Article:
Jorge Arango conjures Gall’s Law, the 40-year-old dictum of systems design that remains as relevant as ever:

“A complex system that works is invariably found to have evolved from a simple system that worked. A complex system designed from scratch never works and cannot be patched up to make it work. You have to start over with a working simple system.”  — John Gall

Every ambitious project launches amid a thicket of fears and grand hopes. The worst thing you can do is try to design for all those assumed outcomes (let alone the edge cases). Start with a sturdy but simple system and build from there as you learn. As Jorge writes, that’s the appeal (and necessity) of the MVP:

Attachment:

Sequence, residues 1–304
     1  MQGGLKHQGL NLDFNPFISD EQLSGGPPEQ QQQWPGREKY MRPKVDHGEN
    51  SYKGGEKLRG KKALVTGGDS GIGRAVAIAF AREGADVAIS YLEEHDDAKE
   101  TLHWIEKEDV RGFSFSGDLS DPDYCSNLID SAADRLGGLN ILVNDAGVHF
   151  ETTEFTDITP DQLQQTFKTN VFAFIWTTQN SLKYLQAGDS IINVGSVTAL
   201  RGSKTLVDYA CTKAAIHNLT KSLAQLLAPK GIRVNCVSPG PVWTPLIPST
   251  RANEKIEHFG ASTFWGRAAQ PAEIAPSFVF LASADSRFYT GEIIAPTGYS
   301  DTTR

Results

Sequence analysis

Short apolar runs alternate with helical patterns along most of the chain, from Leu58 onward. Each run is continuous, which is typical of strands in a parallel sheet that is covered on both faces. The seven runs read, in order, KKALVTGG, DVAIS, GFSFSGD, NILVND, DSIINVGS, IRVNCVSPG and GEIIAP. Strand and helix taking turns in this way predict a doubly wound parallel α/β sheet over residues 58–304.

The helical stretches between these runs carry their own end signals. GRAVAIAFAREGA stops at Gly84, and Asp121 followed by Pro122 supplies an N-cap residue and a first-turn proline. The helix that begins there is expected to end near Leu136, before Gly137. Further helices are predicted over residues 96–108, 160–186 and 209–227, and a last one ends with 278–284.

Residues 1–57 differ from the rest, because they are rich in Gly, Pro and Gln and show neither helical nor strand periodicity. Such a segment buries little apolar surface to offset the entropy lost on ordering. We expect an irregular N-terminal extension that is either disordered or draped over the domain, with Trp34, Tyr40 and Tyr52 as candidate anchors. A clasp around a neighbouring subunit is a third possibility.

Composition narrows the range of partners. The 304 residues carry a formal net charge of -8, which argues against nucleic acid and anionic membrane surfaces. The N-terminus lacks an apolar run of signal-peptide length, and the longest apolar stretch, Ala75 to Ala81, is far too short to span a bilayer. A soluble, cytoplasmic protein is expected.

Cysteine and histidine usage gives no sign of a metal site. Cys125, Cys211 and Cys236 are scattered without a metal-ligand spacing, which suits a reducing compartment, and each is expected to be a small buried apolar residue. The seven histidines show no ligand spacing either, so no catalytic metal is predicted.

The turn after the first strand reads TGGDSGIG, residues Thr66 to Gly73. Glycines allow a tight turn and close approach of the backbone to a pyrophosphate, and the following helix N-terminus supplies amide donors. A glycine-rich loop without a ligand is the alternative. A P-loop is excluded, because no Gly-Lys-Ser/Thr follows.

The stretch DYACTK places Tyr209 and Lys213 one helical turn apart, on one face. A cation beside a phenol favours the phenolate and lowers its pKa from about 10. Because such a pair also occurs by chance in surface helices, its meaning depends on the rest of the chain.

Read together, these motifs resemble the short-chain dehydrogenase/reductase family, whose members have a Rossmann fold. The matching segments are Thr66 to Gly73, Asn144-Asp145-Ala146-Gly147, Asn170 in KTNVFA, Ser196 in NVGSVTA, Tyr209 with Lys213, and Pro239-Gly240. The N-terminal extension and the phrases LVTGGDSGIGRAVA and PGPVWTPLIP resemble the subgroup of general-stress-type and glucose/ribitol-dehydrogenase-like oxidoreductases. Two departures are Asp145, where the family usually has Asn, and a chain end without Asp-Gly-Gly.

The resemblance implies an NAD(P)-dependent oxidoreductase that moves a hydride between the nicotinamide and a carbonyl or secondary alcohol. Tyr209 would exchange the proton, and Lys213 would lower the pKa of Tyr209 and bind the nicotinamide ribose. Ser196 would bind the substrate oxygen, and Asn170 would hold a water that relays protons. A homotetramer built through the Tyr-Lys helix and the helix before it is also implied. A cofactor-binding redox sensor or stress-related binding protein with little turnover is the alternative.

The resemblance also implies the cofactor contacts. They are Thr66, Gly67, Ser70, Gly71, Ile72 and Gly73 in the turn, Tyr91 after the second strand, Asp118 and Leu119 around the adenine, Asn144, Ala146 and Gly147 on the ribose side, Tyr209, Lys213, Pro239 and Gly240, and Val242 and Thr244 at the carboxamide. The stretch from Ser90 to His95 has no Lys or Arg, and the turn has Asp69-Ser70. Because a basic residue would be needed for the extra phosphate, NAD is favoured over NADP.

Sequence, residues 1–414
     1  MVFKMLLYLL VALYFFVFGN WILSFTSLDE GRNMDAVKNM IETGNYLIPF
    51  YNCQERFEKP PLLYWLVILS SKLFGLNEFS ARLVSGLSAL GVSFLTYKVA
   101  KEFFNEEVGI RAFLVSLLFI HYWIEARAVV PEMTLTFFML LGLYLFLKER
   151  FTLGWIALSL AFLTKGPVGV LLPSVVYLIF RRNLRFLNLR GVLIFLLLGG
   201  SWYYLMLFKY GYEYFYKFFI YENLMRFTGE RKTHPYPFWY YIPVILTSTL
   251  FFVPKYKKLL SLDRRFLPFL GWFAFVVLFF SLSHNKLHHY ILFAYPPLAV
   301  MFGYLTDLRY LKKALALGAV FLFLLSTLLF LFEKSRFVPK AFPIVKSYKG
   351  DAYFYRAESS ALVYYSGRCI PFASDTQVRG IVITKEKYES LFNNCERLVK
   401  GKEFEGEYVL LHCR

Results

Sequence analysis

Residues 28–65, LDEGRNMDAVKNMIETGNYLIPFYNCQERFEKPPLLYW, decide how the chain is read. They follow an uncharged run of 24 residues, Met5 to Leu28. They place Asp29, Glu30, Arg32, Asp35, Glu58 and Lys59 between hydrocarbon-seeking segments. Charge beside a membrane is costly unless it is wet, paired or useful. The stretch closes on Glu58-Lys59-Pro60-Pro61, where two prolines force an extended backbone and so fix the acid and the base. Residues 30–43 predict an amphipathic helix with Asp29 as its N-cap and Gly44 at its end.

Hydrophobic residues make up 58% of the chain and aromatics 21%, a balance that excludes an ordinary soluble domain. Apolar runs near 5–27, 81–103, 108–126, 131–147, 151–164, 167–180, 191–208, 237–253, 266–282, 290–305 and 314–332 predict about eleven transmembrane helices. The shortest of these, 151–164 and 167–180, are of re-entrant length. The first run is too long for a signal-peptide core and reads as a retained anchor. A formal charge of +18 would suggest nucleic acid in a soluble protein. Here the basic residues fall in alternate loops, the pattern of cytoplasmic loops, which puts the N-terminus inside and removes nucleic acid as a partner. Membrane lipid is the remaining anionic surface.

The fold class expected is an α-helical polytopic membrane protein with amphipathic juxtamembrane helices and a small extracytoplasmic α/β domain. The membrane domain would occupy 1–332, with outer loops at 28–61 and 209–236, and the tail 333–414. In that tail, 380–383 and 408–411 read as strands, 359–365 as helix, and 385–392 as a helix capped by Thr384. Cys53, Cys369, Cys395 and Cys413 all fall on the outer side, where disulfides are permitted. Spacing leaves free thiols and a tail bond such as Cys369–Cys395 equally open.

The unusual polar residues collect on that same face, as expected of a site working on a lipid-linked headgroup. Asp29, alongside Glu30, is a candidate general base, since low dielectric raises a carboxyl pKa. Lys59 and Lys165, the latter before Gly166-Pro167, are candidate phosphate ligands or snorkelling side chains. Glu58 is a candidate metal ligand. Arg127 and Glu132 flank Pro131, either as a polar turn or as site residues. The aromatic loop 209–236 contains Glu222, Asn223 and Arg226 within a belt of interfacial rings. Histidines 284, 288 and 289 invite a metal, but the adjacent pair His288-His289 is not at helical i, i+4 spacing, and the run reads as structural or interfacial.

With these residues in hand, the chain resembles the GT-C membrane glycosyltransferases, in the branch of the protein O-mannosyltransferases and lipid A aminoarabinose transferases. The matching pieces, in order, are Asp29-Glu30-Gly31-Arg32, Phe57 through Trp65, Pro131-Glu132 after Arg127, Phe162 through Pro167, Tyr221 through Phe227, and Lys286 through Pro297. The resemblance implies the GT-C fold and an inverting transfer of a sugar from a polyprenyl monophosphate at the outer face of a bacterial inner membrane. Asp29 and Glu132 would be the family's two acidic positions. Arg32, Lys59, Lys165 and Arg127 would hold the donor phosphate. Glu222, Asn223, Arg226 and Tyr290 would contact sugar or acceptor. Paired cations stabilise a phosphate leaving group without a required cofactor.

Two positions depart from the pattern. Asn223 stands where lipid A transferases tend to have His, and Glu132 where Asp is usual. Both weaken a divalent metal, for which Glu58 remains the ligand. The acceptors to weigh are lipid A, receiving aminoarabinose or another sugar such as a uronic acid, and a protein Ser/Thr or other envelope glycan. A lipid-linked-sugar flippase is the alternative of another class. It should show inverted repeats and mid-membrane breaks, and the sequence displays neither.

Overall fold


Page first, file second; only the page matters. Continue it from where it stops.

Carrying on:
When the product is real and can be tested, it can (and should) evolve towards something more complex. But baking complexity into the first release is a costly mistake. (Note I didn’t say it “can be”. It’s guaranteed.)

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